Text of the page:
Senators Push Pared-Down Immigration Plan to Break StalemateBy and
Plan doesn’t deal with two matters Trump says are essential
All sides say they want protection for so-called dreamers
A bipartisan Senate group tentatively agreed on a trimmed-down immigration proposal Wednesday that would allow citizenship for young undocumented immigrants and provide $25 billion for a border wall without meeting White House demands for cuts in family migration and an end to a diversity visa lottery.
“You’re down to what most Americans would cheer: strong border security and fair treatment of 1.8 million DACA population," said Republican Senator Lindsey Graham of South Carolina, referring to the young immigrants. "It would be a two-pillar bill.”
Second-ranking Senate Republican John Cornyn said that proposal is among four that are likely to get the first votes, also including cracking down on sanctuary cities; a plan by Cornyn and Republican Senator Chuck Grassley of Iowa that mirrors a plan by President Donald Trump, and a bipartisan plan by GOP Senator John McCain of Arizona and Democratic Senator Chris Coons of Delaware. Cornyn of Texas said he couldn’t say what the timing would be.
White House officials who briefed reporters Wednesday said any sort of fallback solution falling short of Trump’s demands would be insufficient.
“We support Grassley’s bill, as none of the alternatives include the president’s immigration principles, and fail to deliver for the American people,” White House aide Kelly Sadler said in a statement released hours after the latest bipartisan plan emerged.
Republican Senator Susan Collins of Maine, a chief architect of the compromise among about two dozen senators, said that despite likely opposition from the GOP-led House and the White House, a bipartisan Senate measure is most likely to get a final result.
“We obviously care about the House and the president’s position, but we’re the Senate and we need to get through this stage of the legislative process first,” she told reporters.
Graham said the proposal won’t address a 50,000 visa diversity lottery that Trump wants to end. The young immigrants wouldn’t be allowed to sponsor their parents to live in this country -- a standard that falls short of Trump’s effort to limit all family-based immigration to spouses and minor children.
All sides say they want protection from deportation for so-called dreamers -- undocumented immigrants brought to the U.S. as children -- but so far they can’t agree on how to do it. Trump is seeking to end the Obama-era Deferred Action for Childhood Arrivals program, known as DACA, as soon as next month. That program shielded the immigrants from deportation.
The president insists that any legislation to replace DACA must be combined with a U.S.-Mexico border wall, an end to a diversity visa lottery and restricting family-based immigration to spouses and minor children.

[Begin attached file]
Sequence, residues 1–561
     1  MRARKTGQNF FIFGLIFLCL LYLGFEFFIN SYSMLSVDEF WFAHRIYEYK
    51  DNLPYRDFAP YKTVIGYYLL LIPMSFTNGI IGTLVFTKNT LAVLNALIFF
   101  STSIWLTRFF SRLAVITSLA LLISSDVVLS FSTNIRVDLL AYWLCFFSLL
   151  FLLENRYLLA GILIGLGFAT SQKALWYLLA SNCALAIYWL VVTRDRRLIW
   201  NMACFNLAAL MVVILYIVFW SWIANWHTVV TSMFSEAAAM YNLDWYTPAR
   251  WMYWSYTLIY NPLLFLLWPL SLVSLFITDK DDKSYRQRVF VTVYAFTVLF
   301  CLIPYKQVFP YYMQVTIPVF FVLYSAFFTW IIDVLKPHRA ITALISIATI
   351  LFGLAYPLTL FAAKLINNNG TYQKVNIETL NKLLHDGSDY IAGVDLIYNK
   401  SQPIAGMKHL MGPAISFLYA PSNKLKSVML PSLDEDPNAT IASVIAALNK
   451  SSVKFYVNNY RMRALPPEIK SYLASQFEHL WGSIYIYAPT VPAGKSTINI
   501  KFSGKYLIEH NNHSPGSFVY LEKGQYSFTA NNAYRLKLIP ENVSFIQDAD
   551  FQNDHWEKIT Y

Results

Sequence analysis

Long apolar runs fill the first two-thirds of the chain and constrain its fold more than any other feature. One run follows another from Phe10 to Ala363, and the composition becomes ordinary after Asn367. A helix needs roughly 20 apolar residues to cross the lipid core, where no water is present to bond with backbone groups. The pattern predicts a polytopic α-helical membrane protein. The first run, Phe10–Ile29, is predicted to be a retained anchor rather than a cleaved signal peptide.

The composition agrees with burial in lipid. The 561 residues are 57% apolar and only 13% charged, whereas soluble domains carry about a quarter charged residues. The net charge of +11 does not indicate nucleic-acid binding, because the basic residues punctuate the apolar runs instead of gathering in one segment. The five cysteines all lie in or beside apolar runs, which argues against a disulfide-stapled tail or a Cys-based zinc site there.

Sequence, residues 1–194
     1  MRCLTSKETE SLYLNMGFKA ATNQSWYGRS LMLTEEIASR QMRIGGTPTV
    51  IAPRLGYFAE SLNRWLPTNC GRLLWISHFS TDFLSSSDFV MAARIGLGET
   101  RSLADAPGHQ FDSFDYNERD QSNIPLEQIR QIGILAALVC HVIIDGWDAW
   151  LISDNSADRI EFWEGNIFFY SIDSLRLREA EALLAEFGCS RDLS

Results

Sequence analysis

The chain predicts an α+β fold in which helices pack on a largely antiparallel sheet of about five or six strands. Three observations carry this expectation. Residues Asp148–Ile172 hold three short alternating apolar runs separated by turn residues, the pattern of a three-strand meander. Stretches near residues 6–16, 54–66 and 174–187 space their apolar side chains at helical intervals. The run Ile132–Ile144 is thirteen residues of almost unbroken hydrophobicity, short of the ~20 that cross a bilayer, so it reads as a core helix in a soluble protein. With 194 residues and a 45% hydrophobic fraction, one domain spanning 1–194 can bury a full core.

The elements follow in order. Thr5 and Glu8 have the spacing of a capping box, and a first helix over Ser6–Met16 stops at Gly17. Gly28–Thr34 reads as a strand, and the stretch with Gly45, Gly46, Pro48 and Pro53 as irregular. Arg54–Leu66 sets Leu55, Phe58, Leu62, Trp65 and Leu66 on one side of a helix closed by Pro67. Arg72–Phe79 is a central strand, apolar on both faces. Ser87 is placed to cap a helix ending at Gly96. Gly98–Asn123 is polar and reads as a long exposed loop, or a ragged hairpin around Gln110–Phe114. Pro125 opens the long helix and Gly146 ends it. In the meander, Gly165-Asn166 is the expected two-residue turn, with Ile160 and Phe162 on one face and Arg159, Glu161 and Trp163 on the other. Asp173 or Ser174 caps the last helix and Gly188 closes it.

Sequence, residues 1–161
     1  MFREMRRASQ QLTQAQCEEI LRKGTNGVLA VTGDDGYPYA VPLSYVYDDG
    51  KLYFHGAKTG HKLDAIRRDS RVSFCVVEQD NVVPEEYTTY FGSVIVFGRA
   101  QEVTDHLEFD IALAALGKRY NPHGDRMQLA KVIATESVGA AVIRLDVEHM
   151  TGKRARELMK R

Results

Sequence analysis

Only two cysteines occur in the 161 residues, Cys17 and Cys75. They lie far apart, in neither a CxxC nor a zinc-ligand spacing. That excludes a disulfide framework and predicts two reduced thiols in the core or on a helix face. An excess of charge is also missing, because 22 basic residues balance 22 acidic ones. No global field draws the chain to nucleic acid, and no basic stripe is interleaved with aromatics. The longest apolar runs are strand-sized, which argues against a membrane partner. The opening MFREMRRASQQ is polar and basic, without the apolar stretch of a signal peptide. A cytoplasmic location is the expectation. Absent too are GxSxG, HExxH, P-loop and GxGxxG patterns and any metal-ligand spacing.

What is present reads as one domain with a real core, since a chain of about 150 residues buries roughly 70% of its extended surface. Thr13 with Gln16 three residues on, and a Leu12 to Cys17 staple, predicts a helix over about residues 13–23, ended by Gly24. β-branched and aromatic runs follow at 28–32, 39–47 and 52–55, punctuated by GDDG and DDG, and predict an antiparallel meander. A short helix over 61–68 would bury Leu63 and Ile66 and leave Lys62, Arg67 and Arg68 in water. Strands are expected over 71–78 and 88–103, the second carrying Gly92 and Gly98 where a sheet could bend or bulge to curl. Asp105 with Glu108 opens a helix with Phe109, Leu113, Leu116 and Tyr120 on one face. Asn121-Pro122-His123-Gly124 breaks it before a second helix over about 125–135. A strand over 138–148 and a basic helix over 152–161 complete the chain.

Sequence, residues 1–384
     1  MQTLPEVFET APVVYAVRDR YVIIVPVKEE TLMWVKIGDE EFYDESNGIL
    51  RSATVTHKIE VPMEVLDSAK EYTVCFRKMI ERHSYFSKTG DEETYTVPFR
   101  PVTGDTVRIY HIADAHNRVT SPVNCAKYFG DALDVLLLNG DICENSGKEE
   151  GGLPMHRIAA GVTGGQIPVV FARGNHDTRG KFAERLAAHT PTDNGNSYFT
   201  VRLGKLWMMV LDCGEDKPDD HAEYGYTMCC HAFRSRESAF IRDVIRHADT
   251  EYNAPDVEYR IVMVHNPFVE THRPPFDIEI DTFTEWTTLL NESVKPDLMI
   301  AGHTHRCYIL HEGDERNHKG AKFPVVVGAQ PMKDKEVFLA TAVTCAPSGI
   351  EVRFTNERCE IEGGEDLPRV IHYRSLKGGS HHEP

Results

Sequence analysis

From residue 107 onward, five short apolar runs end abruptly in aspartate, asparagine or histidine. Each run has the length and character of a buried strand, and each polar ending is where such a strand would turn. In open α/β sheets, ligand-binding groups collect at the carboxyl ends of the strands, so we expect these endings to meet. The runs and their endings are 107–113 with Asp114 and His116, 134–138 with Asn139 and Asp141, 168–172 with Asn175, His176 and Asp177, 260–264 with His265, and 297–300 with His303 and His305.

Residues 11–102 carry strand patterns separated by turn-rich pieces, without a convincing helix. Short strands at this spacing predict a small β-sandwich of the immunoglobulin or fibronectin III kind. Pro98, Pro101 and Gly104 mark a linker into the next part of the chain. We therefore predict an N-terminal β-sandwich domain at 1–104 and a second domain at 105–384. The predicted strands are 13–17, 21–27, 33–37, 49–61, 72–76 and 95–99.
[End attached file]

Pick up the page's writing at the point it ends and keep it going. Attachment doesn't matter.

Senate Majority Leader Mitch McConnell of Kentucky and Minority Leader Chuck Schumer of New York have said they want to wrap up immigration legislation this week, though some senators have expressed doubts about whether the chamber can meet that deadline.
Graham and GOP Senator Jeff Flake of Arizona said the Senate negotiating group will have bill language later Wednesday for members to review and decide whether to sign on.
“We can’t do everything that we want to do," Flake said. "But I do think it will get support of almost everybody, if not everybody” in the negotiating group.
Graham said, "The president’s going to get his border security money and we’re going to do a 1.8 million pathway forward. To break the chain, we’re going to say that the parent can’t be sponsored by the Dream Act child they brought in illegally."
"I think that would be the biggest advancement in immigration reform in 30 years," Graham said. He said adding other provisions to a bill would lose support from either Republicans or Democrats.
At the same time, the House may be taking a tougher line. House Majority Whip Steve Scalise, a Louisiana Republican, said the leadership team is checking support levels for a hard-line immigration measure proposed by House Judiciary Chairman Bob Goodlatte, a Virginia Republican, and Homeland Security Chairman Michael McCaul, a Texas Republican.
“The Goodlatte-McCaul bill is the bill that we’re going to be moving,” Scalise told reporters.
It would crack down on so-called sanctuary cities, include a mandatory e-verify system employers would use to ensure workers are documented, eliminate the diversity visa lottery, end immigration for extended family members, and authorize construction of a border wall. DACA recipients would be eligible only for three-year renewable legal status.
Not as Easy
“It’s not going to be as easy here in the House as it may be in the Senate,” said Representative Doug Collins, a Georgia Republican. Conservatives are reluctant to even get behind Trump’s proposal because some see it as favoring dreamers for citizenship over other people who immigrated to the U.S. legally, he said. House Republicans won’t support the Senate’s new narrow bipartisan approach, Collins said.
Mark Walker, a North Carolina Republican, said anything that is more generous than the Goodlatte bill is going to face a tough road in the House.
“When you start talking about special pathways, that’s where you drive conservatives off the cliff,” Walker said. He said only a few of about 170 members in the Republican Study Committee that he leads will support giving dreamers a way to become citizens that isn’t an option for immigrants who came here legally.
— With assistance by Justin Sink